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Rusty Wallace’s “Dialogue” fails to impress

By Anna Meurer
Copy Editor


Rusty Wallace’s Dialogue went on display in the Anne Wright Wilson Gallery on Aug. 30, following a reception with the artist. Wallace, a Georgetown and UK alum, focuses mainly on sculpture, drawing and ceramics.

The work, a huge (68” x 168”) gouache on lanaquarelle and Montval aquarelle (a fancy name for opaque watercolor paint on watercolor paper), consists of 45 white rectangles arranged nine across and five down, each containing a separate element.

Describing his work, Wallace explains, “My work converses with the essence of things and of ideas; of precedence and of questioning. Its simplicity, then, is a mere beginning, a luring baited with the deformity of assumption. It is curiosity’s investment that leads to discernment, tugging in opposition to the ease of the immediate, rendering reductive clarity and overt certainty anathema to my intent.” In essence, I understand him. I do, really. Art is not just an object, it’s a process from artist to medium, medium to viewer, etc. As Wallace says, “the more you look, the more you see.”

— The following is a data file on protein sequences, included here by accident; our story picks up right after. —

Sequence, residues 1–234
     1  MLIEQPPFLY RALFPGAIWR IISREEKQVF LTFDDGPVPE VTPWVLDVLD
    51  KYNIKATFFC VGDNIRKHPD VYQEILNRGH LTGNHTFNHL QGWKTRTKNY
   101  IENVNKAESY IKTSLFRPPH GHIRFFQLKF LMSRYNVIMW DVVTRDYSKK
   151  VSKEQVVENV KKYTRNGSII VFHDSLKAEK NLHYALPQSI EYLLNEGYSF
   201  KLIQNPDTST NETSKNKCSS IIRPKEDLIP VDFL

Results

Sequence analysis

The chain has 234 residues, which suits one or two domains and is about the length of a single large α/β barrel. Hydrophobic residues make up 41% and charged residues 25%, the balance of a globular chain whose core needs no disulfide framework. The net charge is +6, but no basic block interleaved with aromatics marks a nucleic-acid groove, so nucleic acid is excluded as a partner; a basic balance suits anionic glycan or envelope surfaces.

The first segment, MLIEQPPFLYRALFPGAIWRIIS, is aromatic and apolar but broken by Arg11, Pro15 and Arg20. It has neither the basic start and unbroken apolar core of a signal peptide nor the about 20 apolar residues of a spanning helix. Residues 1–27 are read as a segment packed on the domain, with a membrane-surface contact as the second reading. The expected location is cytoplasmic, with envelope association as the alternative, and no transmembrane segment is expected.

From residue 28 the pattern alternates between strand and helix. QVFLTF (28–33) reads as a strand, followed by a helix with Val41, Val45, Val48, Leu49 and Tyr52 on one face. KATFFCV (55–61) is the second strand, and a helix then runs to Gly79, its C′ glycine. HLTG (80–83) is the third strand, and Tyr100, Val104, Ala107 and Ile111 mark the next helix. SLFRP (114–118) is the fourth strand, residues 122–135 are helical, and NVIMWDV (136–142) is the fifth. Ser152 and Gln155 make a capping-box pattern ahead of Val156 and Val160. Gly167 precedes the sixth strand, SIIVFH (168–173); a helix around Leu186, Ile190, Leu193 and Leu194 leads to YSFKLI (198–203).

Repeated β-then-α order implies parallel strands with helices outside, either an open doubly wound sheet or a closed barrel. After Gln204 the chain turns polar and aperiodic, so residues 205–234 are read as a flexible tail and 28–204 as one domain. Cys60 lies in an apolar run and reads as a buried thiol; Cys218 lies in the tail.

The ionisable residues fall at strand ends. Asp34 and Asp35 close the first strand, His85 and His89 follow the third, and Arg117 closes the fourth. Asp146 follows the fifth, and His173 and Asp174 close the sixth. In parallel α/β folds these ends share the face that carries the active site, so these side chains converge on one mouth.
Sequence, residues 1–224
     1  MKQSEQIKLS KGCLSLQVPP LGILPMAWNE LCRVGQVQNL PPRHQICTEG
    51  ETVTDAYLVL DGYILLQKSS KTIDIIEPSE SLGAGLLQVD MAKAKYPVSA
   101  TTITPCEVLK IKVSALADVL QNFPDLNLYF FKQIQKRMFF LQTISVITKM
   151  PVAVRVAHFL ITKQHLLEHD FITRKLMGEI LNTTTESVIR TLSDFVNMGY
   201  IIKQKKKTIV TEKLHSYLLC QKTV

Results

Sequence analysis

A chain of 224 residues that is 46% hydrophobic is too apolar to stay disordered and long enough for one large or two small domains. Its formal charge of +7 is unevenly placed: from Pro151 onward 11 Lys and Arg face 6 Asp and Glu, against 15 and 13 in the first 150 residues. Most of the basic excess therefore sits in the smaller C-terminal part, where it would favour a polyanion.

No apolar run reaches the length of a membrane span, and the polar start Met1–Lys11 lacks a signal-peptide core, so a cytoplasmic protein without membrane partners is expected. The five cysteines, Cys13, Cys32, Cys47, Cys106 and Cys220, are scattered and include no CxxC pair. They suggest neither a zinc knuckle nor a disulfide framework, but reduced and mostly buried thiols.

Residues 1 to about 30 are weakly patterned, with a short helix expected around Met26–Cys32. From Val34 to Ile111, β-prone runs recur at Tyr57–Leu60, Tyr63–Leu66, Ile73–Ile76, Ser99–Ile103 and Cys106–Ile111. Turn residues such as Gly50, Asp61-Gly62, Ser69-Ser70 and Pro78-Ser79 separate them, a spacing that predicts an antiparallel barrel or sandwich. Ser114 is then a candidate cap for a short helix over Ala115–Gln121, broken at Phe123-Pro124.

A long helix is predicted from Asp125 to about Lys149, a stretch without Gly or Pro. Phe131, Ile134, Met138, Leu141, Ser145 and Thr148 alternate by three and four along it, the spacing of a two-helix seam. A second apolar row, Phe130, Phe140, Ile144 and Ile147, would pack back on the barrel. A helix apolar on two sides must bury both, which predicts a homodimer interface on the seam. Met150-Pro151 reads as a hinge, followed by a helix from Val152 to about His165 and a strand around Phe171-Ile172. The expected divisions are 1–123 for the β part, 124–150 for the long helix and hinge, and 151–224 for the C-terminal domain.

That being said, I’m not impressed. It somewhat reminds me of John Cage’s piece 4’33.” I understand that there is a point trying to be made; stop, listen, think, interact. I get it. But that doesn’t mean that I am awed by the piece itself. The same goes for this painting. I appreciate the message but I’m not particularly drawn to the simplistic, white background with common objects. While it is not displeasing to the eye, it is not exciting either. It simply is.

Perhaps that is exactly what Wallace wants; perhaps that is his point. But, just as I’ve read and appreciated the work behind monographs without being convinced of the arguments during my research, I wasn’t sold.

The exhibit will be on display until Sept. 27. It can be viewed in the Anne Wright Wilson Gallery, which is located in the art building.